Journal of Biological Chemistry 12/2012; · 4.65 Impact Factor
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    ABSTRACT: The proto-oncogene and inhibitor of protein phosphatase 2A (PP2A), SET, interacts with the third intracellular loop of the M3 muscarinic receptor (M3-MR), and SET knockdown with small interfering RNA (siRNA) in Chinese hamster ovary (CHO) cells augments M3-MR signaling. However, the mechanism of this action of SET on receptor signaling has not been defined, and we initiated studies to address this question. Knockdown of SET by siRNA in CHO cells stably expressing the M3-MR did not alter agonist-induced receptor phosphorylation or receptor internalization. Instead, it increased the extent of receptor dephosphorylation after agonist removal by ∼60%. In competition binding assays, SET knockdown increased high-affinity binding of agonist in intact cells and membrane preparations. Glutathione transferase pull-down assays and site-directed mutagenesis revealed a SET binding site adjacent to and perhaps overlapping the G protein-binding site within the third intracellular loop of the receptor. Mutation of this region in the M3-MR altered receptor coupling to G protein. These data indicate that SET decreases M3-MR dephosphorylation and regulates receptor engagement with G protein, both of which may contribute to the inhibitory action of SET on M3-MR signaling.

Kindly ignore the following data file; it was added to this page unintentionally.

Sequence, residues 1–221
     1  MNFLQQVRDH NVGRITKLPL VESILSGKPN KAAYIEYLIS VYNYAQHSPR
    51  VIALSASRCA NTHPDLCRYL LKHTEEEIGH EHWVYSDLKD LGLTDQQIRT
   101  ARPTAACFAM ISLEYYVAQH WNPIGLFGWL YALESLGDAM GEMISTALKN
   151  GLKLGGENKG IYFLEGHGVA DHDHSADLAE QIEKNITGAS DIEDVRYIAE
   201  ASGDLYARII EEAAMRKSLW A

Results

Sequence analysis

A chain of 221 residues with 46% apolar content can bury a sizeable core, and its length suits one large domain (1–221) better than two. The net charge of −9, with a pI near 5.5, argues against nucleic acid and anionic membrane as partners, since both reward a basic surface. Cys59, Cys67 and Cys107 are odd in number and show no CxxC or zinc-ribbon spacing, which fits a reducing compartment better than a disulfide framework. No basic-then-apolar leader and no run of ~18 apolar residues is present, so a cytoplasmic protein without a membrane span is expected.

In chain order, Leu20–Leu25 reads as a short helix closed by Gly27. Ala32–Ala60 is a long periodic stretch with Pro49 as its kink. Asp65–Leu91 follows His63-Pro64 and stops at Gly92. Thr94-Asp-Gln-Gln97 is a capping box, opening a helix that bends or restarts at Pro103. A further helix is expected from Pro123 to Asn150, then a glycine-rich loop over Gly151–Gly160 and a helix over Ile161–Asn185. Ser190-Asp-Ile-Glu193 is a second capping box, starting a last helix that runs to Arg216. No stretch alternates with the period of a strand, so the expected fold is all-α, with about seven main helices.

Molecular pharmacology 03/2012; 82(1):17-26. · 4.53 Impact Factor
  • J B Blumer, S S Oner, S M Lanier
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    ABSTRACT: Beyond the core triad of receptor, Gαβγ and effector, there are multiple accessory proteins that provide alternative modes of signal input and regulatory adaptability to G-protein signalling systems. Such accessory proteins may segregate a signalling complex to microdomains of the cell, regulate the basal activity, efficiency and specificity of signal propagation and/or serve as alternative binding partners for Gα or Gβγ independent of the classical heterotrimeric Gαβγ complex. The latter concept led to the postulate that Gα and Gβγ regulate intracellular events distinct from their role as transducers for cell surface seven-transmembrane span receptors. One general class of such accessory proteins is defined by AGS proteins or activators of G-protein signalling that refer to mammalian cDNAs identified in a specific yeast-based functional screen. The discovery of AGS proteins and related entities revealed a number of unexpected mechanisms for regulation of G-protein signalling systems and expanded functional roles for this important signalling system.